The 90-proof Fleishman's Whiskey was 35 cents a glass (three
for a buck), and beer was a quarter a bottle. There was a cop who
came in every day, placed a quarter on the bar, drank a beer,
pocketed the quarter and left. ``I'll bet that quarter was worn out
when he died,'' McVeigh once said.
``The M&M back then was rowdy, dirty and smelly,'' says Tasso
Manitsas, who bought the bar in '89, got rid of the horseshoe bar and
cleaned the place up. ``I don't remember the last time I've seen
anyone play dice at the bar, but back then, if there were 35 people
at the bar, 30 were playing dice and swearing. It was a warm place to
A small group of cheerful women who worked in classifieds used to
sing at the bar. They called themselves the Android Sisters.
The food was not good. Vernier once complimented bartender Len Wiggin
on the beef barley soup and he said, ``I'll pass the compliment to
Mr. Campbell when he comes in.''
Howard Street was the city's main skid row. A panhandler staggered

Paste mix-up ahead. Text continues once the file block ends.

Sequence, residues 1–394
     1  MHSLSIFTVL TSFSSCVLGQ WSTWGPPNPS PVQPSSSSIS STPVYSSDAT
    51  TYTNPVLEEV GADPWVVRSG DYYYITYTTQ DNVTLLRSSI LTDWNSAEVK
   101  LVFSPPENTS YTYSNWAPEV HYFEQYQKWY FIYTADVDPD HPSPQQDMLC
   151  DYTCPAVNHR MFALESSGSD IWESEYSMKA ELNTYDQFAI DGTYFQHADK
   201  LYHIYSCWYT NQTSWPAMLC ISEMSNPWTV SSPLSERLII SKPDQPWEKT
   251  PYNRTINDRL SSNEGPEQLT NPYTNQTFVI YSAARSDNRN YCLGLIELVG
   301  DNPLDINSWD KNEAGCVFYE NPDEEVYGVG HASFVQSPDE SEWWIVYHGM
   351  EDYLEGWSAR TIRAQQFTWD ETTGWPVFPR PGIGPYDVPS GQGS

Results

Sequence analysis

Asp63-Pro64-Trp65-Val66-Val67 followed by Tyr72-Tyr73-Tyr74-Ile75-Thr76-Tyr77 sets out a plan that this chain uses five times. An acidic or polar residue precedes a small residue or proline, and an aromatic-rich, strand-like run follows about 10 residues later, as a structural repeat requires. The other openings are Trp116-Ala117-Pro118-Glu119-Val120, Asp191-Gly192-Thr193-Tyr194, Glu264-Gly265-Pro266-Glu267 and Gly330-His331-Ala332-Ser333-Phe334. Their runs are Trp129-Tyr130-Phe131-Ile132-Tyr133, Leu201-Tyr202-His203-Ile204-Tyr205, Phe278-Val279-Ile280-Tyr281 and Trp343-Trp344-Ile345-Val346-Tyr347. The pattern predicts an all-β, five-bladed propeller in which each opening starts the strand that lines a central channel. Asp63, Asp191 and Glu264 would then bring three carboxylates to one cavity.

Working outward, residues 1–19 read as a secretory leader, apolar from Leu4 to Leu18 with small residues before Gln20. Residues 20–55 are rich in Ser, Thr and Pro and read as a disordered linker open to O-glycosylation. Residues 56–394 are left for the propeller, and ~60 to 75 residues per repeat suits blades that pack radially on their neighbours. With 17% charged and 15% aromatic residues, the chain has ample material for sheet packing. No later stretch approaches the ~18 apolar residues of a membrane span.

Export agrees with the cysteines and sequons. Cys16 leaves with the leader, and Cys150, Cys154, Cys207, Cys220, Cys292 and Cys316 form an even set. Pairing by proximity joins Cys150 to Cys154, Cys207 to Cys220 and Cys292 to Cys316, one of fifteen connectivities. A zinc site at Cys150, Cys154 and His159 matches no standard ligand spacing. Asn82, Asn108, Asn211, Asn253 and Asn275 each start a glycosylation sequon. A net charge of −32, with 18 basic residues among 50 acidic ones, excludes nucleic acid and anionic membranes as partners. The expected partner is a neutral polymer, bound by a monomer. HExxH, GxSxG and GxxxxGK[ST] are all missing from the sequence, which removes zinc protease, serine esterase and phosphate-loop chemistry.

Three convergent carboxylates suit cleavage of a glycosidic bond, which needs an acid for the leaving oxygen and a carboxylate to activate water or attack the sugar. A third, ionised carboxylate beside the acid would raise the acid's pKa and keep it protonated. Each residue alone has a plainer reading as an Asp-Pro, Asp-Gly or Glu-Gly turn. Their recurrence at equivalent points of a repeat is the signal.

into the bar through the Fifth Street door one day, seeking
donations. Wiggin came out from behind the bar and pushed the man
back out onto the sidewalk.
Ten minutes later, the same guy came in through the side
entrance on Howard Street.
``I thought I told you to get out of here!'' Wiggin said.
``Jesus Christ!'' the panhandler said. ``You work here, too?''
The owners of the Chronicle tried to buy McVeigh's building in
about '60 and he laughed in their face.
``It's Irish Alzheimer's,'' one M&M regular jokes. ``You
forget everything but your grudges.''
McVeigh got his revenge, but the relocating of the printing
operation changed forever the character of the bar as a melting pot
of half-potted newspaper folk.
Everything changed. Over the years, reporters and editors have
cut back on serious mid-shift drinking, and some actually have home
lives. The M&M had been rendered irrelevant. Last week it closed
Al McVeigh has fond memories. ``It was a good era,'' he said. ``It
didn't kill me.''
``We'll drink to that, or half of it, anyway,'' say the ghosts of